Delivering Well Prepared Teachers Policy
The state should ensure that social studies teachers know all the subject matter they are licensed to teach.
Texas offers secondary certification in general social studies. Candidates are required to pass the TExES "Social Studies" content test, which combines all subject areas and does not report subscores. These teachers may teach all secondary social studies and economics courses.
Middle school social studies teachers in Texas may teach on either a generalist (4-8) or a subject-specific (4-8) endorsement. Candidates must earn either an academic discipline major or an interdisciplinary academic major. They must also pass a subject-matter test. Those seeking the subject-specific endorsement must take a single-subject test; however, those teaching under the generalist license only have to pass the generalist exam, in which social studies accounts for just 23 percent of the test, and subscores are not reported.
Texas Administrative Code 220.127.116.11 Testing Requirements www.texes.ets.org
Require secondary social studies teachers to pass tests of content knowledge for each social studies discipline they intend to teach.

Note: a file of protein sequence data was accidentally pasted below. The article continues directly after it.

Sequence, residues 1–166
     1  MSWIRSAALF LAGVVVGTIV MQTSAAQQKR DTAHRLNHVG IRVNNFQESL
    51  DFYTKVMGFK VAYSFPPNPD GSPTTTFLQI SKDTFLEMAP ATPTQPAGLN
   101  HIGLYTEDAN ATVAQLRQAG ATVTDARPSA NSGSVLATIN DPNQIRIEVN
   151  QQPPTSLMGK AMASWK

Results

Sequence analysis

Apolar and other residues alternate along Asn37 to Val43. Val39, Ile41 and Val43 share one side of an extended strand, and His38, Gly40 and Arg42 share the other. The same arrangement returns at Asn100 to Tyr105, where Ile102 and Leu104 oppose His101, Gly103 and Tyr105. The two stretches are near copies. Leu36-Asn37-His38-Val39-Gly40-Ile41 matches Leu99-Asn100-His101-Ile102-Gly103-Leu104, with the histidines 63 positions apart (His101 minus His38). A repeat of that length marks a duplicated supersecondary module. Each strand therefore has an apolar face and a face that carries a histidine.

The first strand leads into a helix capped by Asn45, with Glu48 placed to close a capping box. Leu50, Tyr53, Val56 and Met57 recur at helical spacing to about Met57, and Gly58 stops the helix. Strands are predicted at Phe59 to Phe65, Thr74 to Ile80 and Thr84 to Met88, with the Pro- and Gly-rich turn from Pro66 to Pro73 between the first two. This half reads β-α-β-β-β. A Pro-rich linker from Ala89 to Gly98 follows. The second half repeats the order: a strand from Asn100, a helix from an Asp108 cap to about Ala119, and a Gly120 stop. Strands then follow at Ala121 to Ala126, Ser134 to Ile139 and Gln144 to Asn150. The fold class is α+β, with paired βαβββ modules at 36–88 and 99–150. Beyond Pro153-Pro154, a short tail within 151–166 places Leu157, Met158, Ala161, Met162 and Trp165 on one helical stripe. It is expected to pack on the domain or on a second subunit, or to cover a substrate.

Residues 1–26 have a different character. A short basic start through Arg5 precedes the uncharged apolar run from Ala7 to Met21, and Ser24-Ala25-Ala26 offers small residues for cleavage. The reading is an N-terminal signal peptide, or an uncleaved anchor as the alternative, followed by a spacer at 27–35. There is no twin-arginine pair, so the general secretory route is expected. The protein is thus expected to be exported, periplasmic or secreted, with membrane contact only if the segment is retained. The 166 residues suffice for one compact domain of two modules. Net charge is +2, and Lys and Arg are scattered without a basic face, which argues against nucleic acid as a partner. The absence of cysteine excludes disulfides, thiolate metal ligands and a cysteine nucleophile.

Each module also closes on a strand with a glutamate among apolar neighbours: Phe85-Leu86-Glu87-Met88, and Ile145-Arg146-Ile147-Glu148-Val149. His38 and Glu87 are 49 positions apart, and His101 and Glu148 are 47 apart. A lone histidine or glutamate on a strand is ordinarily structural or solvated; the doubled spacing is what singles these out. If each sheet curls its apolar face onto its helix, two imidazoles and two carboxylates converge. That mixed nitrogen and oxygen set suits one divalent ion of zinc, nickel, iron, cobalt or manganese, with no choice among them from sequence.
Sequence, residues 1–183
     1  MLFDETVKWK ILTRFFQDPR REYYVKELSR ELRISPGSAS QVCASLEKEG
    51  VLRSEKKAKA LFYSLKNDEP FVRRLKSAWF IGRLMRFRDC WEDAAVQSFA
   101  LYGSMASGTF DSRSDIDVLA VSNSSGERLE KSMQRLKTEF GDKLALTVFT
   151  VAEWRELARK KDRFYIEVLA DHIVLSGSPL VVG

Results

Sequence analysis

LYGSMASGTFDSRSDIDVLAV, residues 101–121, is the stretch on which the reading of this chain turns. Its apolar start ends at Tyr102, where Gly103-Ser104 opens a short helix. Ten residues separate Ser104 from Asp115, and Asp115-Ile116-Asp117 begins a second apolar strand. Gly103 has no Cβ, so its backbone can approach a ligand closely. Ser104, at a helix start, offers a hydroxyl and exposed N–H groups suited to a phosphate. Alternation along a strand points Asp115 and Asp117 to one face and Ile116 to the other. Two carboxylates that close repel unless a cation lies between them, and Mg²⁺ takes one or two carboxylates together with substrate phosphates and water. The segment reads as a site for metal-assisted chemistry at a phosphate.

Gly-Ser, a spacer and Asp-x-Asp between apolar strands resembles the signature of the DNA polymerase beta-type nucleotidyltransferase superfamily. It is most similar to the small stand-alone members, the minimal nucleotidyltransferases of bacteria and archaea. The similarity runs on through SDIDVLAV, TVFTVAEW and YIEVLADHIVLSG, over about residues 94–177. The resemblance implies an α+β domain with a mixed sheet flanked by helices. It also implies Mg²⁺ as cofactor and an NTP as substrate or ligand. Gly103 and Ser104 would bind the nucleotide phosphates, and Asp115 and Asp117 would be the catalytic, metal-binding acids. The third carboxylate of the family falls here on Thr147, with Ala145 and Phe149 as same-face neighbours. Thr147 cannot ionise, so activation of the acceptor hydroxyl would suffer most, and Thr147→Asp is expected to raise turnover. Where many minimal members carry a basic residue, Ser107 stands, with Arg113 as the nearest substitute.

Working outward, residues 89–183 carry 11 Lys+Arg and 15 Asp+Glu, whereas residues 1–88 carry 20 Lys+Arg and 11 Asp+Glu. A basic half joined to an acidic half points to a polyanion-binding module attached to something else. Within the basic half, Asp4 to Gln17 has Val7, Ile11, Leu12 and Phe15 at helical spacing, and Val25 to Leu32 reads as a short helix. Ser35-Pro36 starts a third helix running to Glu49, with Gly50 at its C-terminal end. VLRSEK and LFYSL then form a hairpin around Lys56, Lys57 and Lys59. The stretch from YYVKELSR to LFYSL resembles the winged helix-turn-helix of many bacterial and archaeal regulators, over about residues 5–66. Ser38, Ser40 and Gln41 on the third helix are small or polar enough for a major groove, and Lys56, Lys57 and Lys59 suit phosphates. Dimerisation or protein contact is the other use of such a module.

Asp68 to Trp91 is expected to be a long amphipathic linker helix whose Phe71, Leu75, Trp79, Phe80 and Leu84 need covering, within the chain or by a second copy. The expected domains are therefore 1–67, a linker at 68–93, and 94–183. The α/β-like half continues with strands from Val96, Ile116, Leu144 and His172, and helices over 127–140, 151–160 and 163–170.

States that allow general social studies certifications—and only require a general knowledge social studies exam—are not ensuring that these secondary teachers possess adequate subject-specific content knowledge. Texas's assessment combines all subject areas (e.g., history, geography, economics) and does not report separate scores for each subject area. Therefore, candidates could answer many history questions, for example, incorrectly, yet still be licensed to teach history to high school students.
Require middle school social studies teachers to pass a test of content knowledge that ensures sufficient knowledge of social studies.
Although the state's testing requirements for its subject-specific endorsements ensure adequate subject matter knowledge, Texas should require that even its middle school social studies teachers teaching on the generalist 4-8 certificate have the requisite knowledge in the specific content. The state's current policy of only requiring a general exam falls short of guaranteeing adequate subject matter knowledge for these teachers.
Texas recognized the factual accuracy of this analysis. The state added that the social studies 8-12 test will be eliminated and separate content tests will be developed for history, economics, geography, political science, psychology and sociology. This has been announced to all programs, and development will begin on September 1, 2011. Also, grade levels may be realigned to grades 7-12, which would eliminate the 4-8 examinations. The issuance of the testing RFP (Request for Proposal) included realignment of 8-12 examinations to grades 7-12.
NCTQ looks forward to reviewing the state's progress in future editions of the Yearbook.